In Burma, of course, it is always difficult to differentiate between a true step forward and a calculated move to merely quell international criticism. The junta has ruled Burma for more than 60 years now – silencing opposition, and destroying the economy and social infrastructure. In 2003, the regime proposed a seven-point road map towards democracy, and called a National Convention to decide on guidelines for a new Constitution – both without timetable. In mid-2005, Burma hoped to gain international recognition with its turn as the ASEAN chairman; but after warnings by the US and EU, internal pressure in the bloc led to Burma's renunciation of that position. But however minimal, external pressure on the regime does appear to have an impact on its activities. Now those involved have to figure out how to increase and sustain that pressure until democracy returns to Burma.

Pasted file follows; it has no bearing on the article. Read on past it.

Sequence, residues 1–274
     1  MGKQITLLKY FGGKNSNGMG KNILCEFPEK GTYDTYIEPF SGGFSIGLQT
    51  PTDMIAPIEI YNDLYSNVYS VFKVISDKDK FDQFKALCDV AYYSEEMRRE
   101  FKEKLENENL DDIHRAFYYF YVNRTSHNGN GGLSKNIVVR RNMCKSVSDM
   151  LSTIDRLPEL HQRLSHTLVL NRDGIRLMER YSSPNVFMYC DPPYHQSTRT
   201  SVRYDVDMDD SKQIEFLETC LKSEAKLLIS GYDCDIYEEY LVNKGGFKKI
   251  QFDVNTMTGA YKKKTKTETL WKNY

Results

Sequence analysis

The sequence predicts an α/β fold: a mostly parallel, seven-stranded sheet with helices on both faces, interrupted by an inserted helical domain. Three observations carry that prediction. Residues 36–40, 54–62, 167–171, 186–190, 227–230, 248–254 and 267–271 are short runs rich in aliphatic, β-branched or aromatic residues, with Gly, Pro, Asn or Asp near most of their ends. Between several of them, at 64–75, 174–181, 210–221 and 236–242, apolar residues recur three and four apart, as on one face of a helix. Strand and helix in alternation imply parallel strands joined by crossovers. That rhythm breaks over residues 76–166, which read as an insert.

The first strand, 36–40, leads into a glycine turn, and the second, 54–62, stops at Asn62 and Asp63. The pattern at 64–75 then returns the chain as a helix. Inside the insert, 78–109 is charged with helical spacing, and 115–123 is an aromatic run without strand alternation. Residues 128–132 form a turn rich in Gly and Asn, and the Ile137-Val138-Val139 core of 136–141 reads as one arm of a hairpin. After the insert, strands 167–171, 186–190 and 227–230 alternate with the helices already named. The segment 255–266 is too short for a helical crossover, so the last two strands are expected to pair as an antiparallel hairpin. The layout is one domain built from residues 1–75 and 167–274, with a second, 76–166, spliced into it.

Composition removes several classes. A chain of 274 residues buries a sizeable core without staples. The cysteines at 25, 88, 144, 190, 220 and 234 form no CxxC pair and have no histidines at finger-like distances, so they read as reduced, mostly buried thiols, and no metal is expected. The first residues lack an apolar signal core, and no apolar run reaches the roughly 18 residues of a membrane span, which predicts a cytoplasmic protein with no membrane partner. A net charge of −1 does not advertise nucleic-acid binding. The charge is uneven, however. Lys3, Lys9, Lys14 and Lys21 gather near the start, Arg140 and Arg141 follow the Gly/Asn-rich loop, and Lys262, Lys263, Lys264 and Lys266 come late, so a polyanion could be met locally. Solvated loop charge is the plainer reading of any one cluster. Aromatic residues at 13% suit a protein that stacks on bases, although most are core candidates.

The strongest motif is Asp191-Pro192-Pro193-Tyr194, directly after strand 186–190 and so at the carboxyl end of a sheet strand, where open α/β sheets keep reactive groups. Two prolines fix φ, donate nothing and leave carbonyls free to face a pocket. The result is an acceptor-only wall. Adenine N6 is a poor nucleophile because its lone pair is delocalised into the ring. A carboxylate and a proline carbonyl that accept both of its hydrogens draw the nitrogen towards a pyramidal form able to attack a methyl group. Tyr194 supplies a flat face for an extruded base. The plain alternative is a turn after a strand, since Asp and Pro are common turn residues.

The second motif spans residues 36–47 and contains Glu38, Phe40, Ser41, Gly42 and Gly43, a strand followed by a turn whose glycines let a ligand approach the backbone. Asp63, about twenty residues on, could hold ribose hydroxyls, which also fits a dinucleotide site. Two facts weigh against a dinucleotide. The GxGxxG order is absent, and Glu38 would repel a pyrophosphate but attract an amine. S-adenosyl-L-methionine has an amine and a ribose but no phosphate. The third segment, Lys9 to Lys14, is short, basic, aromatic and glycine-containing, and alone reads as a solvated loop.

For her part, Suu Kyi has spent ten-and-a-half years under house arrest – from 1989 to 1995, 2000 to 2002, and from 2003 to the present. Having not been seen in public for almost three years, however, she has again become the lynchpin in the international community's attempts to sway the generals. In late-December, Malaysian Foreign Minister Syed Hamid Albar announced that he wanted to meet Suu Kyi during a critical ASEAN mission to Burma, slated for early January. If the meeting is allowed, it would be the first time that such a face-to-face meeting has taken place in years.